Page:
New Cura Enables Much Faster 3D Printing

By on February 2nd, 2022 in news, Software

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Testing Ultimaker Cura 4.13.1’s advanced speed features [Source: Fabbaloo]

Ultimaker announced a new version of Ultimaker Cura, which seems to offer much more rapid 3D printing.

Ultimaker Cura is one of the most well-known 3D print preparation software tools, as many companies beyond Ultimaker have leveraged the software’s open source availability to be used for their own equipment. In addition, Ultimaker supports this activity by adding in profiles for countless devices directly into the software.

Indeed, the stock distribution of Ultimaker Cura’s most recent revision, 4.13.1, includes machine definitions for 124 equipment brands, and the number of supported models within those brands is far more than I want to count right now.

However, version 4.13.1 is notable for something far more interesting than mere printer definitions. This release is all about speed.

They’ve made two changes that could dramatically increase print speeds, without changing anything on the hardware.

The first deals with print resolution. They explain:

“Releasing a brand-new 0.3 layer height option for both the default and draft profiles. This allows you to print up to twice as fast without switching to a larger print core.”

This makes sense and is often used by those seeking faster prints at the cost of resolution. Trading a coarse surface for a faster print can work in many situations. Compared to the standard 0.15mm layer size, this potentially doubles print speed just considering the number of layers.

While it was always possible to manually do this, Ultimaker has set up a default profile for their equipment that is now readily available and certified. In workplaces where you “shouldn’t play with the settings”, this could mean easy access to faster 3D prints.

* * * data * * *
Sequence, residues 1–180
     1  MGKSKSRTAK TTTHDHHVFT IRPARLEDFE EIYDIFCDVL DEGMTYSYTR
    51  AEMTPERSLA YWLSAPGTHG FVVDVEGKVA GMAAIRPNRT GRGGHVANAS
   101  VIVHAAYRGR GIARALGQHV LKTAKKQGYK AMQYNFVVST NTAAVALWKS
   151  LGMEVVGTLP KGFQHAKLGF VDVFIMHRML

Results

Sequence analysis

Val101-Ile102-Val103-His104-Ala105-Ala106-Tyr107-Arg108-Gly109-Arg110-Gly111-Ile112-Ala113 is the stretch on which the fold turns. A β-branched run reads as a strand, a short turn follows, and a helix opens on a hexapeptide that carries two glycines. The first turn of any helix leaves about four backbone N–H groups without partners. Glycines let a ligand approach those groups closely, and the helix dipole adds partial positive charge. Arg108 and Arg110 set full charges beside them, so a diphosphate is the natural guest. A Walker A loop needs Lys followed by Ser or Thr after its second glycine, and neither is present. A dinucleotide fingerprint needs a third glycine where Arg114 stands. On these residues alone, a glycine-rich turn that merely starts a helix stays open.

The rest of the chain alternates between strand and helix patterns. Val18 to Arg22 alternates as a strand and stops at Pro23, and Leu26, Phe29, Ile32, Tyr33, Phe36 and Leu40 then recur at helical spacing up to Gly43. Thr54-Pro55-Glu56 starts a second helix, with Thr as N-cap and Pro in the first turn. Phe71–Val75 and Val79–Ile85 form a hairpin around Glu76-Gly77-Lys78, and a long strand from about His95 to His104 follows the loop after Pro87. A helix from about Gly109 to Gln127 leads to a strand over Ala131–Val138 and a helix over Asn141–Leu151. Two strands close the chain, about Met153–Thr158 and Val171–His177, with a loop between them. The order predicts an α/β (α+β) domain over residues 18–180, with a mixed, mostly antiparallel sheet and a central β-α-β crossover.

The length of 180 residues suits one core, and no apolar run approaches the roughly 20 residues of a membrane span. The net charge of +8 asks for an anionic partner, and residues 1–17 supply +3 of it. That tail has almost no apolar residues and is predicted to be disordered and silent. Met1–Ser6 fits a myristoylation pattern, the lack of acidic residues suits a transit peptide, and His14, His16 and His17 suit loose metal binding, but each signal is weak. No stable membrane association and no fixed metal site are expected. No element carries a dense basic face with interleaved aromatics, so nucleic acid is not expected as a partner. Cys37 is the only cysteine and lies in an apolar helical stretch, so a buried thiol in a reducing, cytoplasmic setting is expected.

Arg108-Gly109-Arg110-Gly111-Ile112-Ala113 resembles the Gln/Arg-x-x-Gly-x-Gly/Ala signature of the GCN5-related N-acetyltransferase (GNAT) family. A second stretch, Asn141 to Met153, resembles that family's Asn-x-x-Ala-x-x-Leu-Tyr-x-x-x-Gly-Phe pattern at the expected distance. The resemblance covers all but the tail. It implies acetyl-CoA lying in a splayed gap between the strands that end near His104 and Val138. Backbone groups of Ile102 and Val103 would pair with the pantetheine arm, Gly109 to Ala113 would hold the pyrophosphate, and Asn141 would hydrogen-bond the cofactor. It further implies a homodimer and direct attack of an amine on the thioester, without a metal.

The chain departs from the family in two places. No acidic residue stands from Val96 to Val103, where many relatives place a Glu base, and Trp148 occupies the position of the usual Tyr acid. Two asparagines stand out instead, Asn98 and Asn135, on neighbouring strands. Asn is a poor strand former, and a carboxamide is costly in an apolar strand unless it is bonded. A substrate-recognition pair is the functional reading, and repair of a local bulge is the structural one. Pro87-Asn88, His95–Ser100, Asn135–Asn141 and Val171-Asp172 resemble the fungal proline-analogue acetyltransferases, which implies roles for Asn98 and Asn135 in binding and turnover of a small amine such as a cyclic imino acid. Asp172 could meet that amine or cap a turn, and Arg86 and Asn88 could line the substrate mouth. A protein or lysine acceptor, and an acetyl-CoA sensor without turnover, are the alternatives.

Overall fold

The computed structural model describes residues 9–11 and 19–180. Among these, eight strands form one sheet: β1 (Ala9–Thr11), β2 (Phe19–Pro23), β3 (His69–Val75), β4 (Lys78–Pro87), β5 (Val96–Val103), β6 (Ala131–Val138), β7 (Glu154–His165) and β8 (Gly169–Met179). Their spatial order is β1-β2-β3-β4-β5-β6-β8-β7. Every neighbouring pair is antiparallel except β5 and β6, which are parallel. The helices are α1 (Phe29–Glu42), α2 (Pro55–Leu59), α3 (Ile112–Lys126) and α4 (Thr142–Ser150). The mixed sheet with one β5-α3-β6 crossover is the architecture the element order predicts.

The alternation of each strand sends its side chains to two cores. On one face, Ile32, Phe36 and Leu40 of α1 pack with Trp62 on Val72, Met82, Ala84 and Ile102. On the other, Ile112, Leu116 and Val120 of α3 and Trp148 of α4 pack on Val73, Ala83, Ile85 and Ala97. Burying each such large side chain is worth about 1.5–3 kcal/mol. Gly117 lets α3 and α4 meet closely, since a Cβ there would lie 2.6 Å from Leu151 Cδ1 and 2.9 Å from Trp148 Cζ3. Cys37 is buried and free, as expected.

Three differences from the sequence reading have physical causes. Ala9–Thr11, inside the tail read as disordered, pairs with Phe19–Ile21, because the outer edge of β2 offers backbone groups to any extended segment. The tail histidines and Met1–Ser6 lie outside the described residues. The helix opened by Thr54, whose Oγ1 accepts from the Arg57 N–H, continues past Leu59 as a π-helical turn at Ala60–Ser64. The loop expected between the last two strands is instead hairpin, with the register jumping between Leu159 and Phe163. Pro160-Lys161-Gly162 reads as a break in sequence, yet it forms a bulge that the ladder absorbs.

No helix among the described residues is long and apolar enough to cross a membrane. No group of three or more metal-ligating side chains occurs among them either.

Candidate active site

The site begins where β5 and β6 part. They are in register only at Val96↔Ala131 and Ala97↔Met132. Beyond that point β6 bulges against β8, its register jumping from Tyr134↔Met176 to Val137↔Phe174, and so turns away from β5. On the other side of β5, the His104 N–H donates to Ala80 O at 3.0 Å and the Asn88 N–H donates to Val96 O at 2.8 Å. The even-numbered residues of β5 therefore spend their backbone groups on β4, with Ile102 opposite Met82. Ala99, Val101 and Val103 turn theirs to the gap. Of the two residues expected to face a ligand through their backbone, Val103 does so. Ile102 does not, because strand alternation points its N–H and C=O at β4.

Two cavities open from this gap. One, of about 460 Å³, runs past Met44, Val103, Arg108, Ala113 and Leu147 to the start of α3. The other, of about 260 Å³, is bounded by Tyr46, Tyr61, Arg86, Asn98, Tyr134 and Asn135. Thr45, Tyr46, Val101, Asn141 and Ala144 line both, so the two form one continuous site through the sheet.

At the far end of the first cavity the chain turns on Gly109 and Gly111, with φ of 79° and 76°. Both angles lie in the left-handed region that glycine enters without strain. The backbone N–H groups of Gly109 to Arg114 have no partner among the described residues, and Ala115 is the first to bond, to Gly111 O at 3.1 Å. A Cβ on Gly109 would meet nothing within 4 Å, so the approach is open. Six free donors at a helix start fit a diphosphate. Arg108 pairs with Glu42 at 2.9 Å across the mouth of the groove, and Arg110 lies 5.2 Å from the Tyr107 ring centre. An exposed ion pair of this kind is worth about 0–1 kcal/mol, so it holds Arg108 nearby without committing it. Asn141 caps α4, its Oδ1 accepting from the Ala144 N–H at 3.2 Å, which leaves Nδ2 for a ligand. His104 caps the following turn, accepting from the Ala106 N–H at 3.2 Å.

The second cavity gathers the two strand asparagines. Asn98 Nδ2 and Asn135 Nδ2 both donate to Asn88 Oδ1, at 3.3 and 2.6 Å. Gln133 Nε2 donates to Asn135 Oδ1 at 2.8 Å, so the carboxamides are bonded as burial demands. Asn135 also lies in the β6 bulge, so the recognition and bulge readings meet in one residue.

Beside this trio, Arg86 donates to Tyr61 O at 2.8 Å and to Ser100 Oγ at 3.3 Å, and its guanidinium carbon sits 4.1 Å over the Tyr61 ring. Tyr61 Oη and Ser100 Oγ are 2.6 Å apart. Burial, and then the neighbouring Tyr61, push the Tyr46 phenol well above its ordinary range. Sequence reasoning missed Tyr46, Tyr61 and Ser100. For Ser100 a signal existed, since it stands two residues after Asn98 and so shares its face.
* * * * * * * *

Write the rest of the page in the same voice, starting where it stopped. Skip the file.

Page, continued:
The other speed improvement deals with solid 3D prints. Ultimaker explains:

“Improving how we handle solid prints. This means that parts printed at 100% infill will print up to three times faster – perfect for parts meant for engineering environments”

I wondered how “real” this could be, so I undertook some testing. I prepared a large 3D model of a 100 x 50 x 100 brick and tried various combinations of settings to see how the estimated print time would change on an Ultimaker S5, comparing the same scenario on version 4.12.1.

Here are the results:

Comparison of Ultimaker Cura estimated print times between v4.12 and v4.13. Note: new profiles compared against related old profiles [Source: Fabbaloo]

As you can see, the print times on the solid prints are substantially faster in each case when using version 4.13.1. That is a tremendous advantage for anyone using this combination of software and hardware. However, the normal profiles seem pretty much identical between versions.

What’s really interesting is the new Extra Fast 0.30mm profiles, which just rip through these 3D models at enormous speed. The solid print using the Draft Extra Fast profile was 35% faster in my example, and it also used somewhat less material.

Why did Ultimaker decide to speed up solid 3D print jobs? There’s something users may not realize: Ultimaker provides statistical information back to the company for analysis. From that data they determined that many users were printing objects with 100% infill, presumably for making the strongest parts possible.

That triggered them to work on optimizing the solid printing approach in Ultimaker Cura, and a way of helping their customers in a very practical manner.

For other companies using Ultimaker Cura as their slicing software, these improvements are not going to automatically appear in version 4.13.1. However, it would be relatively straightforward to replicate Ultimaker’s profile parameters for any other machine. Ultimaker did not specifically describe what exactly they did in these profiles, but they are easily inspectable.

When this approach appears in other profiles, I think many 3D printers across the world will get much more productive.

Via Ultimaker

By Kerry Stevenson

Kerry Stevenson, aka "General Fabb" has written over 8,000 stories on 3D printing at Fabbaloo since he launched the venture in 2007, with an intention to promote and grow the incredible technology of 3D printing across the world. So far, it seems to be working!

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